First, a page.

View of the Drew | Andrew Halpern Photography

Dynamic Range

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1/200″ / F6.3/ iso100 / 55mm (88mm equiv)

Manhattan View from Down Under Manhattan Bridge Overpass

Dynamic range sounds like something complicated. It isn’t. Basically, it refers to the ratio of light intensities the camera is able to capture. The human eye is usually quite adept at rapid adjustments and the brain puts the image together. We “see” the scene in all its glory, from the brightest bits to the darkest details in the shadows.

The camera isn’t as clever. You’ll often find the dynamic range of a scene exceeds your camera’s ability to capture it. You’ll try to shoot a particular scene and straight of the camera, either the shadows will be too dark, or the highlights will be blown out.

There are different ways to deal with this. The absolute best way is to use a technique known as HDR. This will involve setting up your camera for exposure bracketing, and doing some post-processing work. Newer cameras can even do this in the camera itself. That’s not what I did here.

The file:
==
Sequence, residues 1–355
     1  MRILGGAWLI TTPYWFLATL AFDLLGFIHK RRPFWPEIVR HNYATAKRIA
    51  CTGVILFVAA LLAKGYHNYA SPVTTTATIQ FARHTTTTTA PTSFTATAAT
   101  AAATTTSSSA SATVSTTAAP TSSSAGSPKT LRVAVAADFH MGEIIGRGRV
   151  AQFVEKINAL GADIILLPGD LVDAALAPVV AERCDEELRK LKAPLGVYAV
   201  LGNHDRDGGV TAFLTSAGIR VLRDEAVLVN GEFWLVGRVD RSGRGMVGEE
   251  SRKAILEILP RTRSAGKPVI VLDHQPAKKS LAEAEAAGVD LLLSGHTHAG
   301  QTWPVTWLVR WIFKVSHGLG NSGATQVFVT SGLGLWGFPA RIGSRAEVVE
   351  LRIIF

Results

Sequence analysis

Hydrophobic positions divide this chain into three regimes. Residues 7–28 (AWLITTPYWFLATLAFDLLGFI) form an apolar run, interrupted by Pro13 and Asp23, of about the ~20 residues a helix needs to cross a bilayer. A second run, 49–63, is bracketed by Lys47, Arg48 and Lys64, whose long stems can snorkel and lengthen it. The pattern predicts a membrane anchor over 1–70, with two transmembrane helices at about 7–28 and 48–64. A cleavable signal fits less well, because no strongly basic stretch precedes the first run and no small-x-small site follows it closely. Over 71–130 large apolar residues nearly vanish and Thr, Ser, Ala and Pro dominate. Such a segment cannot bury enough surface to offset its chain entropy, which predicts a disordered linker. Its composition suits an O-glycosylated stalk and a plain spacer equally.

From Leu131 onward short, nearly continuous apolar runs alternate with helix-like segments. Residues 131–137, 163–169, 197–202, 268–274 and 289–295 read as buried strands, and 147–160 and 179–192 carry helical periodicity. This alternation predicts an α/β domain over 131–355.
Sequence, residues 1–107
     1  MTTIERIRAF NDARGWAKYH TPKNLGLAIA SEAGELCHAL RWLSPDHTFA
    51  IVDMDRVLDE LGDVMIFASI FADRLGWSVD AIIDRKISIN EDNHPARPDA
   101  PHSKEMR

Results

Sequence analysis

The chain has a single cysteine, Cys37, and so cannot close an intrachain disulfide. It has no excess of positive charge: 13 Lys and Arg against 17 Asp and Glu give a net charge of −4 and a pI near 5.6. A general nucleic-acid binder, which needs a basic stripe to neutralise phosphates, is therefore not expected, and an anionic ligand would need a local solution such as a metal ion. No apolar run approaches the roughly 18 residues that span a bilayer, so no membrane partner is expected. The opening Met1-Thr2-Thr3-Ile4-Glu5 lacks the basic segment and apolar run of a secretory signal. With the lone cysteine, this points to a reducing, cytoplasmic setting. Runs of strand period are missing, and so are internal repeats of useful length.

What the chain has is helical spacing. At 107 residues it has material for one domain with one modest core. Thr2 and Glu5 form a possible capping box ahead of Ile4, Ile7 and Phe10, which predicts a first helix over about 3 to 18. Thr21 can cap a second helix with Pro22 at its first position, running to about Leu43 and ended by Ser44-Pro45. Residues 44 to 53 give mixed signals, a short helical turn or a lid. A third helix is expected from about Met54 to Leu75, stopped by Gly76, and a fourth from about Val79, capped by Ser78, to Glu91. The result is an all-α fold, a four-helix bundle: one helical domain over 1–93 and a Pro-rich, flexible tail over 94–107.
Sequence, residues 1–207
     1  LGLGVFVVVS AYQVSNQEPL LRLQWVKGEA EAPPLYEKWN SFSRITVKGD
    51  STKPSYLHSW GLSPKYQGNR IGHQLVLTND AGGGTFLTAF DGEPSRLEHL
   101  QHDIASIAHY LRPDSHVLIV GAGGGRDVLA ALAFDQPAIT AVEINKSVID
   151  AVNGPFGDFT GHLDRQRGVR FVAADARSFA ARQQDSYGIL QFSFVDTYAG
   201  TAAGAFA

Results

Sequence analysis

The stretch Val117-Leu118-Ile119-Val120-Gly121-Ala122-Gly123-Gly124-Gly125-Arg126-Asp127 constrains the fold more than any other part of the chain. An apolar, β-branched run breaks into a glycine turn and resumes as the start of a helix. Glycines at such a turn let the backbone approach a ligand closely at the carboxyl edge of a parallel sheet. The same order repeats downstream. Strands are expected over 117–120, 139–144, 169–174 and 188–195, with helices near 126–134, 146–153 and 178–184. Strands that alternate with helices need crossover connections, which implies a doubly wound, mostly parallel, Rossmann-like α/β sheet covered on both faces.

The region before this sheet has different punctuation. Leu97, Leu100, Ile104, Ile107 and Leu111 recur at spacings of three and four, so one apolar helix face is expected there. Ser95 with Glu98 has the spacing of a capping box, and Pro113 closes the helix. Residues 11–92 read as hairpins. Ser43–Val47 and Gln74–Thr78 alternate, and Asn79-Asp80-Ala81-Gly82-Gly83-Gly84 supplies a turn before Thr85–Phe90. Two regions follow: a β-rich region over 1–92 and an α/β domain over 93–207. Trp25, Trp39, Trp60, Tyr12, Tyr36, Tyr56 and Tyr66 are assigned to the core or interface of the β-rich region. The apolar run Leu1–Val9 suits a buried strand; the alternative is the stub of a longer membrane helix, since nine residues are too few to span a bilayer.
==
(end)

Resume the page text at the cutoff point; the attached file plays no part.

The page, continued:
The second way is to try to capture the scene best with one shot. Raw format will capture more dynamic range than jpeg, so use that. You’ll need to exposure carefully and make sure your histogram doesn’t get clipped on the left or right side.

Straight of the camera, the shot probably won’t look so great. This is where post-processing comes in handy. In Lightroom, I use the highlights and shadows adjustments to try to eek out as much detail as possible globally. If that doesn’t suffice, I use the local adjustment brushes to bring out specific parts of the image. In this particular example, I used the local adjustment brush to bring out more detail where the Empire State Building is.

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